Christopher Lentz | June 05, 2018 06:15 PM
Bitcoin and other crypto-currencies seem to be all the rage these days. It is no wonder that this craze has lured malware into this space as a means of making money for the attackers. The security industry as dubbed this as crypto-jacking, which is a fairly fitting name as the attackers essentially commandier your hardware (both CPUs and GPUs) for their mining. While the effects of a crypto-jacking might not immediately catch your eye, loss of productivity as a result of over-utilized computer resources can give some clue that there may be something fishy going on.
One glaring thing that you might notice is that your PC fan may be running at a higher than normal speed as the crypto-mining software has been designed to utilize both CPU and GPU to maximize their returns. Which leads to the other way you can detect the malware, constant hardware monitoring and logging can show the increase in their usage over time. Some security firms are even going as far as using Machine Learning/AI to dynamically learn which devices are infected and automate security rules to block their communications.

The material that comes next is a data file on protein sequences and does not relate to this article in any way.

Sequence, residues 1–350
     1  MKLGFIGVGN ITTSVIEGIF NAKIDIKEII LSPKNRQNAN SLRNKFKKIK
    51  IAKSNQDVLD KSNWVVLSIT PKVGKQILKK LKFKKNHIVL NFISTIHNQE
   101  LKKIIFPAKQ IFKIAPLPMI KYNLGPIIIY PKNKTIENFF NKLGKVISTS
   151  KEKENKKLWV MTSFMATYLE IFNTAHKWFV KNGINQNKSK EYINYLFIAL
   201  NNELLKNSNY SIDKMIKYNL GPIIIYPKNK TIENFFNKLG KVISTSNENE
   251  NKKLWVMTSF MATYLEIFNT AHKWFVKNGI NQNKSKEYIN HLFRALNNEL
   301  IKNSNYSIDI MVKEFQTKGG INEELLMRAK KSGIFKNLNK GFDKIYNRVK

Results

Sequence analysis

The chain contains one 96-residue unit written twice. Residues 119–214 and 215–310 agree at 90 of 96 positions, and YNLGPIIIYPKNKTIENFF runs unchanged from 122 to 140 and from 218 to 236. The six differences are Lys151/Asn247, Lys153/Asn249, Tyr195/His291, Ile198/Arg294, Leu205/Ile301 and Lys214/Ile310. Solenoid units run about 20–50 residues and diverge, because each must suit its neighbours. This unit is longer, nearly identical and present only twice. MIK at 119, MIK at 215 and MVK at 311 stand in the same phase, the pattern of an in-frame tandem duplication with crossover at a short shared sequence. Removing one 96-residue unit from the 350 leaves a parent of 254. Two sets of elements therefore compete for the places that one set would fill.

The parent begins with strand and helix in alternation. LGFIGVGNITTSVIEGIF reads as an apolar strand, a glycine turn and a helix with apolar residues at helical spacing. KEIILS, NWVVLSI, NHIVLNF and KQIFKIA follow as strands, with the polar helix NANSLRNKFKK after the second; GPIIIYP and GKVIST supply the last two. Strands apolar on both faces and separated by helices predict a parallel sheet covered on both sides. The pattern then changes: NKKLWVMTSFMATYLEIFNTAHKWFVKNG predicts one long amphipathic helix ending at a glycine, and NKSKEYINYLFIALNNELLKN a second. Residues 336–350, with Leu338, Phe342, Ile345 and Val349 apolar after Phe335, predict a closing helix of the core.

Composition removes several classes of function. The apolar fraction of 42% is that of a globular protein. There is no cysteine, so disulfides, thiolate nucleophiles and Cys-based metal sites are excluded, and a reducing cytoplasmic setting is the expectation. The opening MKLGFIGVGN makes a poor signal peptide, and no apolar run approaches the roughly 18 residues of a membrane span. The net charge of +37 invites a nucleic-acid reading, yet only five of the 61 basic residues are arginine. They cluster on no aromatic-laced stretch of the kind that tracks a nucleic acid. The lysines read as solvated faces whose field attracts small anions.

We recommend install browser plug-ins like No Coin or Antiminer as a minimal step to keep away the bad guys pushing crypto-malware out to the public. If you have some extra cash lying around, you can invest in security products like Traps from Palo Alto Networks or other similar endpoint protection suites that offer crypto-mining protections.
Whichever direction you decide to go, stopping this threat will only get harder as more and more hackers/malware writers get involved in this lucrative venture. Staying on top of the latest security threats is just one way to better protect your network and your valuable data.